On Him

All we like sheep have gone astray;
We have turned, every one, to his own way;
And the Lord has laid on Him the iniquity of us all.
Isaiah 53:6

This morning in chapel I shared two stories that meant so much to me as a young Christian. They are always in my heart, and as Holy Week approaches, I thought of the record book of my life and how Jesus takes the sin upon himself. I wanted to share these simple illustrations at chapel.

How many times a day do you think a person might sin? That is, how often does someone do something wrong, e.g., covet what belongs to another person, tell a lie, hurt someone by their action? In addition, how often does someone fail to do something, e.g., feed the hungry, encourage the downhearted, or in any other way hurt someone by their inaction? How many times a day does a bad thought go through one’s head?

Maybe 20, 30, 40 times a day? Can I even count how many times in my life? No.

If all of my sins are recorded in a book, I will be found lacking. No matter how much good I do, I won’t be able to make up for the bad that I also do. Even just thirty or forty sins a day would tally up to be millions of sins over a lifetime. What if I was really good, though? What if I only sinned a few times a day. Well, as you can see on the chart below, I still would have a lifetime of bad to account for:

How many sins will we be guilty of in a lifetime?

If that record book follows me to judgment day–even if I only sin once a day–I won’t be found acceptable for God’s holy kingdom.

The beauty of salvation, though, is that it’s not on my shoulders to bear the book of my falls. God took that record book of sins and placed it on Jesus when he died on the cross. This morning I thought of this paraphrase of Isaiah 53:6:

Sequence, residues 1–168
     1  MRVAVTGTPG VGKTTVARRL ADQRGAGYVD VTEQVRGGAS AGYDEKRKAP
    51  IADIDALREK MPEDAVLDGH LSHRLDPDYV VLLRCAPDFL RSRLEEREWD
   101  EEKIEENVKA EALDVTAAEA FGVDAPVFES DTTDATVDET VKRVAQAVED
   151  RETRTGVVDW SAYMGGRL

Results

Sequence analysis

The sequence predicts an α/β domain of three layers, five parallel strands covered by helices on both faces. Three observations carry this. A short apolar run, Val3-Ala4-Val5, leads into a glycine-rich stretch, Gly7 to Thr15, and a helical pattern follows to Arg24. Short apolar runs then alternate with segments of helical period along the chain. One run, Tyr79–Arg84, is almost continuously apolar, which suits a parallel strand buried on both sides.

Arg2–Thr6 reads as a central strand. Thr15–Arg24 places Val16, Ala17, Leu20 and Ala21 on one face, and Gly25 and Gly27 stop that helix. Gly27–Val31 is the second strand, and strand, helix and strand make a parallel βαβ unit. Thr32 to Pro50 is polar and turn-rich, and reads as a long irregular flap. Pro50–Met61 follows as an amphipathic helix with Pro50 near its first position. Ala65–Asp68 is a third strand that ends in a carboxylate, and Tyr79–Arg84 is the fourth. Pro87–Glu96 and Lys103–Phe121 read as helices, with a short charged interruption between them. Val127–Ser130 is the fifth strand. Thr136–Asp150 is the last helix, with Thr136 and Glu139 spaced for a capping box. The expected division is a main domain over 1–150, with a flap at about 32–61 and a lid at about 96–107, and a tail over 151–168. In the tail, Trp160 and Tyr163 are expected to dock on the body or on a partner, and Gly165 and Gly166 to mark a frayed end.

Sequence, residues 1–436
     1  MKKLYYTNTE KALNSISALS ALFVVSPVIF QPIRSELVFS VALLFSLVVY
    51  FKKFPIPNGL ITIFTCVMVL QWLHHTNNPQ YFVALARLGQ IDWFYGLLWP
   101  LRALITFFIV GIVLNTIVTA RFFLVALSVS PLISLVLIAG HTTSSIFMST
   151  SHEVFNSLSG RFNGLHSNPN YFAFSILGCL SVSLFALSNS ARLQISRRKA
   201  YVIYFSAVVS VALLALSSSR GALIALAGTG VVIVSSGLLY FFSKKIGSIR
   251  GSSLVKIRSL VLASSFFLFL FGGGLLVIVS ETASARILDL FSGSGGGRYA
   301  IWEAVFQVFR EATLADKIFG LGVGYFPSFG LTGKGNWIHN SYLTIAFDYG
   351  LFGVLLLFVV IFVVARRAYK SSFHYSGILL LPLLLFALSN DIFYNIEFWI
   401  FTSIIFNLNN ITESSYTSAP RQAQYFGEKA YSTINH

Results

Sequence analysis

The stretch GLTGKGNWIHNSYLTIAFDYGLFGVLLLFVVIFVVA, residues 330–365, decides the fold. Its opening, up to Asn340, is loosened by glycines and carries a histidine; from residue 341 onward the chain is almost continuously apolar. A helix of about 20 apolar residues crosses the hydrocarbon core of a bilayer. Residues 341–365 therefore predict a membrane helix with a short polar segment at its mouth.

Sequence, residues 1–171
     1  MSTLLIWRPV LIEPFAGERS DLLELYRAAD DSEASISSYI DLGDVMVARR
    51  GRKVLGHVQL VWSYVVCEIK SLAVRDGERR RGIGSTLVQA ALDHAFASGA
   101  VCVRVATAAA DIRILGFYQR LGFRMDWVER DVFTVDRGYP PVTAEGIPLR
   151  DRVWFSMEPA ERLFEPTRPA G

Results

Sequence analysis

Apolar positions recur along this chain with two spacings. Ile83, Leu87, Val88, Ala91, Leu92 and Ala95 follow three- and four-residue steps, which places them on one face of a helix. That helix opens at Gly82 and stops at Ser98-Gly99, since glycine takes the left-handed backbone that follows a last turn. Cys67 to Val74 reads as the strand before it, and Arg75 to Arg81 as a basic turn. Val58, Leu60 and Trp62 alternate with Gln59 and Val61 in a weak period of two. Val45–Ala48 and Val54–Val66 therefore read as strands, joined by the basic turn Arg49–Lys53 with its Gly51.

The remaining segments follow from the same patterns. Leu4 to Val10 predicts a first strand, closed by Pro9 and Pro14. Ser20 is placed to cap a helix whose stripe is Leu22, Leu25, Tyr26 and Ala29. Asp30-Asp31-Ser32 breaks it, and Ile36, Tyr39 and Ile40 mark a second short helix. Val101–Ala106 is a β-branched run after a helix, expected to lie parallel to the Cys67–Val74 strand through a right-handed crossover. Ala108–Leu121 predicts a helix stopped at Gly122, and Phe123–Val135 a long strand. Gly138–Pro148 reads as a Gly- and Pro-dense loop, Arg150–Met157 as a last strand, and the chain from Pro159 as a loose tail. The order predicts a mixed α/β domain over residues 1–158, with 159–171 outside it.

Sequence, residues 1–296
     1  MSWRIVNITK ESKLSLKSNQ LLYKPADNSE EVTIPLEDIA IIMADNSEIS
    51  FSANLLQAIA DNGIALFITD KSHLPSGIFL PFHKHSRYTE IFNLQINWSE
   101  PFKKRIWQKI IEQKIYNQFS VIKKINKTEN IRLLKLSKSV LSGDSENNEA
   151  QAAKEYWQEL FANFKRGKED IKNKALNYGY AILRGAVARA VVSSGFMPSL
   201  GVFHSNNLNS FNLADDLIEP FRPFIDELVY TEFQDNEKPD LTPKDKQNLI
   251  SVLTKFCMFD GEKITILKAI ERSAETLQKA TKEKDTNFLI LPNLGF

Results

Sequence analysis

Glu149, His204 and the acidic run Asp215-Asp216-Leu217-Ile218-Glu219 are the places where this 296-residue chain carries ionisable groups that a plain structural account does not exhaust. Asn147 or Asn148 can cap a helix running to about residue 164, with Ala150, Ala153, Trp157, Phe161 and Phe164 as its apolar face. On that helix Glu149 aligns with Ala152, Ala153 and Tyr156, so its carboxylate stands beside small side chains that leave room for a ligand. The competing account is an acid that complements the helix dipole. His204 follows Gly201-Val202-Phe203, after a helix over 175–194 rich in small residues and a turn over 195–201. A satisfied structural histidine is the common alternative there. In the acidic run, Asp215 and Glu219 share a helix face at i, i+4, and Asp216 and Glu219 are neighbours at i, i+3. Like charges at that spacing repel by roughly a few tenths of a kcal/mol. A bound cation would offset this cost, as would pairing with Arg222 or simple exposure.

All of us sheep have gone astray,
We have turned each one to his own way.

But there’s a plan to take our book of falls–
The Lord placed on Jesus the sin of us all.

Praise be to God for this amazing gift. I’m especially thankful for it as we commemorate Holy Week.

A song to meditate on:

Happy Easter!

He is not here: for he is risen, as he said. Come, see the place where the Lord lay. Matthew 28:6

“Happy Easter, Habibti!”

My friends warmly greeted me in the hall this morning on our way to the Easter breakfast at school. They spoke the words ‘Happy Easter’ with slow and┬ádeliberate pronunciation. Maybe it’s like the way I say, “Eid Mubarak,” to them during Muslim holy days, trying to get the syllables in the correct order.

We ate and chatted with teachers, administration, office and maintenance staffs around a full spread of Arab and other breakfast cuisines today. A breakfast on our last day of school before we take our annual Holy Week holiday from school. A breakfast to celebrate the holiest of Christian holidays. Our staff, from a dozen countries–Christians, Muslims, Hindus–all saying, “Happy Easter.”

The Easter mural on the whiteboard, drawn by our Muslim art teacher.